Wednesday, May 07, 2008

If American communities are running out of money to pay for basic government services, then something is wrong.

Basic government services are things like electricity on demand, clean tap water, managed waste water treatment, police and fire services, infrastructure maintenance and improvements, public schools, and basic health services like malaria control and polio vaccines and food safety. When one looks at budgets at the city and county and state levels, it is obvious we Americans are generating vast amounts of public tax monies, yet so many of these same governments are having to also borrow to make ends meet given their local priorities and situations. Some of these services are privately run like electricity and infrastructure maintenance, with "government" regulation. And yet there is also a rising budget competition between basic government services and legal obligations to meet the very expensive obligations due to government union employees, mostly in retirements and medical benefits.

This rising problem is new in the last two decades, not universal as some cities, counties, and states have done better than others. Many fellow Americans have much to brag about. They've done well to date.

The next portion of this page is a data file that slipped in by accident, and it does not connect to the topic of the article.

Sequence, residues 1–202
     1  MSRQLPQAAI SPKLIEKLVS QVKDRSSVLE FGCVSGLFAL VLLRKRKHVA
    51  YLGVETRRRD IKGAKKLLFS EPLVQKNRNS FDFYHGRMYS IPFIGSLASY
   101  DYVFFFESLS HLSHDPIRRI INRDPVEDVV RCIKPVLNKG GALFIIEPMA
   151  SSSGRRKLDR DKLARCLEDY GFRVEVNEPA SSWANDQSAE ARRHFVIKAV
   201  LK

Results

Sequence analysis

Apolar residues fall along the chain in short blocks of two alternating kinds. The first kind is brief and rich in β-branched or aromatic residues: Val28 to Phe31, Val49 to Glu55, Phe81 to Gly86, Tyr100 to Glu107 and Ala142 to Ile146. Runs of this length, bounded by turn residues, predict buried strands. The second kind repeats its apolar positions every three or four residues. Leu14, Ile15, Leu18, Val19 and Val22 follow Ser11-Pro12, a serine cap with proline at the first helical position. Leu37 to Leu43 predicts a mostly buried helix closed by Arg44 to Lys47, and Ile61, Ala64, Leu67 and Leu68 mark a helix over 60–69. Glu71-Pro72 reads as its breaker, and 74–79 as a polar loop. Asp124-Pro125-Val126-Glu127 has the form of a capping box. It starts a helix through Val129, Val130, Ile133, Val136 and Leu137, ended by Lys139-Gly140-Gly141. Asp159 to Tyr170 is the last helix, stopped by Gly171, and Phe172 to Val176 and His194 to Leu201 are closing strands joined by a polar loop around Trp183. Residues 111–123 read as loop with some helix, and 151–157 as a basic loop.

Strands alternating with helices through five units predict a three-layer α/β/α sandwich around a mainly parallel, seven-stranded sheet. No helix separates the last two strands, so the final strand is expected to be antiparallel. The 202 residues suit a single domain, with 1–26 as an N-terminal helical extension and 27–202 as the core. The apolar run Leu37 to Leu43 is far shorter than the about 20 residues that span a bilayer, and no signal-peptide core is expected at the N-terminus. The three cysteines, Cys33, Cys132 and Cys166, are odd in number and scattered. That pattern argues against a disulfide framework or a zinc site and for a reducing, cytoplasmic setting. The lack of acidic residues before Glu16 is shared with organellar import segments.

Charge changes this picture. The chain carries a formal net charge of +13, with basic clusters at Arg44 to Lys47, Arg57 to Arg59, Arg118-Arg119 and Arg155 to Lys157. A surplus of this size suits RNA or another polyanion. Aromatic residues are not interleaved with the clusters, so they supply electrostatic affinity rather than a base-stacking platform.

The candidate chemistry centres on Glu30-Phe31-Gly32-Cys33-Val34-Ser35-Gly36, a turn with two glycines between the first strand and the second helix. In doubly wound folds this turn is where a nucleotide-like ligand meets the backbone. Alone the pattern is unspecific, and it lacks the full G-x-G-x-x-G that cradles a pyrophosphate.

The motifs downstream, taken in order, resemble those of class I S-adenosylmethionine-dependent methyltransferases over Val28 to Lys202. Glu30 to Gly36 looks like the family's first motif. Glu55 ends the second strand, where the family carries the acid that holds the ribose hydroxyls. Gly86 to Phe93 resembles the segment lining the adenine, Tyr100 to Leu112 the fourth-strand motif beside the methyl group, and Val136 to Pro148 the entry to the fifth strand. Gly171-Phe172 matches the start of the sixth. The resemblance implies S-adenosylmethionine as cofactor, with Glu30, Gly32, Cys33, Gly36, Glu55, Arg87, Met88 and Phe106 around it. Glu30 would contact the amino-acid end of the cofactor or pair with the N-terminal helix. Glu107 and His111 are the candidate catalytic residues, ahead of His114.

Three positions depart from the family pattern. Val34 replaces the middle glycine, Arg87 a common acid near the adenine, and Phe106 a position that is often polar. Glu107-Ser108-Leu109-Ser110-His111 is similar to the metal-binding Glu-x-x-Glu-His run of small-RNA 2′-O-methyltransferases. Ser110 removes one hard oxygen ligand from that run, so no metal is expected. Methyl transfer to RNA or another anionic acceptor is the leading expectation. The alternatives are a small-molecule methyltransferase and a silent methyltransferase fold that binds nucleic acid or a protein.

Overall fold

How and why did this ever come to pass? And why are studies to date so suspect; though some more trustworthy ones suggest two things. One is that property taxes, a major source of income for many city, county, and state governments is suffering from the loss of property wealth of 6 trillion dollars from the recent mortgage problems. Less property wealth means less property tax income for these governments. While the impacts are most likely a year downstream or more, some adverse effects are already appearing in Birmingham, AL, New Jersey, and California (the State and even the wonderful city of Vallejo). Second is a study suggesting about ¼ of Americans want to continue on the present courses of action, while ¾ worry about how to pay for all this largesse as if the band might not play on forever. The ability to borrow is not automatic, and a time may come when others may not loan us money without conditions we cannot accept. This is nothing new, as in WWII we had to have War Bond Drives to promote loaning. Moodys, the loan rating company, has already given us a window of closing of 2017 or so for this old status quo to end. And with less and less Americans actually paying taxes to finance all that has gone on (we are down to 28% taxpayers by one study), we are approaching a time when we may give a tax, and nobody comes. Less this seem silly, one can note that former very liberal (as in spending our taxpayer monies) Ohio Senator and self-made millionaire Metzenbaum moved his estate to Florida from Ohio to save on income taxes and death taxes. More tricky is the fine print applied to so many of our cities, counties, and state governments. That bankruptcy is an option may leave many citizens "holding the bag" of higher taxes (expenses) and lower services, as in no firemen when needed, or being shot on the local neighborhood street while walking the dog.